‘Everything is possible’Published 9:29pm Saturday, June 1, 2013
NSA graduates 2013 class
Under fair skies and a light breeze that seemed to promise nothing but the brightest of futures, 69 seniors at Nansemond-Suffolk Academy walked across a stage on the school’s lawn on Saturday and stepped into the next segment of their lives.
“Take advantage of every opportunity,” Student Council President Katherine Holcomb Miller advised her classmates as she welcomed them and guests to the school’s 2013 graduation ceremonies.
Describing a class consisting of students hailing from as far away as Cambodia and China, Rebecca Steigenga, interim head of NSA’s upper school, noted that 36 percent of the graduates had been Saints for all 13 years of their education, and she echoed the theme that Miller had set with her remarks.
“If dreams are held close to the heart and imagination is applied to what’s close at hand, everything is possible,” she said.
And with a class in which every student is college-bound, the possibilities are even better. Members of the 2013 class were offered more than $3.5 million in merit-based scholarships and accepted about $1 million worth, Steigenga said.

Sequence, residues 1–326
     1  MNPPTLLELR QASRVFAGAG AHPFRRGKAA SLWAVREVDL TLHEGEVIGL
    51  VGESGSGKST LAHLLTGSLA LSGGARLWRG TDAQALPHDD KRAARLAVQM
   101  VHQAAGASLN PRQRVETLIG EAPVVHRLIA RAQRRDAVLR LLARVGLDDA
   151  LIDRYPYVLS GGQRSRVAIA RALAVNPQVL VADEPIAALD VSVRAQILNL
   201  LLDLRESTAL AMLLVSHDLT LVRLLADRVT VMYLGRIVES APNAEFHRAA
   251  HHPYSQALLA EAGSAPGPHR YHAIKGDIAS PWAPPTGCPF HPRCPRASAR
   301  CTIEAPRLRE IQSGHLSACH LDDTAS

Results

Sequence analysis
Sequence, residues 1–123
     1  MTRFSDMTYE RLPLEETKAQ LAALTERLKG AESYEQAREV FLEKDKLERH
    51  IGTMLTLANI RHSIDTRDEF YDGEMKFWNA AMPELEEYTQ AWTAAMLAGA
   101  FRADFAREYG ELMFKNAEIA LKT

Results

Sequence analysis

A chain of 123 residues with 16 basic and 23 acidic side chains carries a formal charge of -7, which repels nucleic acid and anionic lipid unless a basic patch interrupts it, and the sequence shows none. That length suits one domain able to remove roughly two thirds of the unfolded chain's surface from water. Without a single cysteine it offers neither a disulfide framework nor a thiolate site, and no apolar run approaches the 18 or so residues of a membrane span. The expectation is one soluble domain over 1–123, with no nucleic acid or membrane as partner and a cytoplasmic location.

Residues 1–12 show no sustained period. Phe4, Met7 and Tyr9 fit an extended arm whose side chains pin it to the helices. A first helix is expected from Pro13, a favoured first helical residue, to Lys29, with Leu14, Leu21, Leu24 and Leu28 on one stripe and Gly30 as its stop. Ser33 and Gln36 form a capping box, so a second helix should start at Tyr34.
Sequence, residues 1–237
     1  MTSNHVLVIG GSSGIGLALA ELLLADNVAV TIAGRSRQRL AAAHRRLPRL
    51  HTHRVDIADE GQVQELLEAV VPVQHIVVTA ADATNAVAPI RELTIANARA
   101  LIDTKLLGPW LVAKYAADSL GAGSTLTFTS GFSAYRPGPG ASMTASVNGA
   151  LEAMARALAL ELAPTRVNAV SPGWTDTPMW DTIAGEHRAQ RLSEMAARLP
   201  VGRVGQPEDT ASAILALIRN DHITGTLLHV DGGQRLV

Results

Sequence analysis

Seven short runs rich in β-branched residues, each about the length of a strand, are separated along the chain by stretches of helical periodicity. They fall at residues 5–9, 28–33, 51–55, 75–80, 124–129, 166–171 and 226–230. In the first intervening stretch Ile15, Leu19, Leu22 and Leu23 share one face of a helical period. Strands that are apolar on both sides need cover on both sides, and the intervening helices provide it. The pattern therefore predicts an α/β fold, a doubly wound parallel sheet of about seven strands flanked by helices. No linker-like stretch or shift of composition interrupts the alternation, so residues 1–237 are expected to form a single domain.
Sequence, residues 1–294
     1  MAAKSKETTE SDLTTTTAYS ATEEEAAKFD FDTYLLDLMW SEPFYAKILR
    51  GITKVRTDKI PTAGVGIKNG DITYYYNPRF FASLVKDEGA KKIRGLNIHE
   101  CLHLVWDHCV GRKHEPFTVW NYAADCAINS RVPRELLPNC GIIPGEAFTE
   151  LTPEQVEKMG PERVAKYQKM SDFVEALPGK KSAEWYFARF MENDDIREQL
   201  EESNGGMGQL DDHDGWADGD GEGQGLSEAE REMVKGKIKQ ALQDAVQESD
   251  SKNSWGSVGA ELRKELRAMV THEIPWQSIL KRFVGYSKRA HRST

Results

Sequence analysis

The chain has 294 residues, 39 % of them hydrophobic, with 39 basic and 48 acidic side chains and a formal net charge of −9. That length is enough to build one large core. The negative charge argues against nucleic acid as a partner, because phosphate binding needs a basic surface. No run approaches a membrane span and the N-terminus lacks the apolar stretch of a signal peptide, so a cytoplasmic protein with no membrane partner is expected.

Graduates, faculty and guests heard a discourse on the formula for success from E. Dana Dickens III, a former mayor of Suffolk, who is now president and CEO of the Hampton Roads Partnership.
“This is not a dress rehearsal,” he said. It’s real. Go make the best of it. You can be anything you want to be, go anywhere you want to go and do anything you want to do.”
Dickens, who has served on the city’s planning commission and city council, completed two terms as mayor and was named Suffolk’s First Citizen in 2003 by the Suffolk Rotary Club.
He reminded the graduates that successful people set goals, are always prepared, are enthusiastic and are not afraid of failure.
“Looking out on this class today, I know we are ready,” salutatorian Grace Katherine Guarnieri said, noting “a hunger in our eyes for our futures.”
Making a metaphor that evoked her love of music, valedictorian Christine Victoria Comer compared her classmates to musicians.
“While we’re all very different, we have come together for our final performance as a class, as a family,” she said. “Now is the time for our next performance. I wish you a life with no regrets.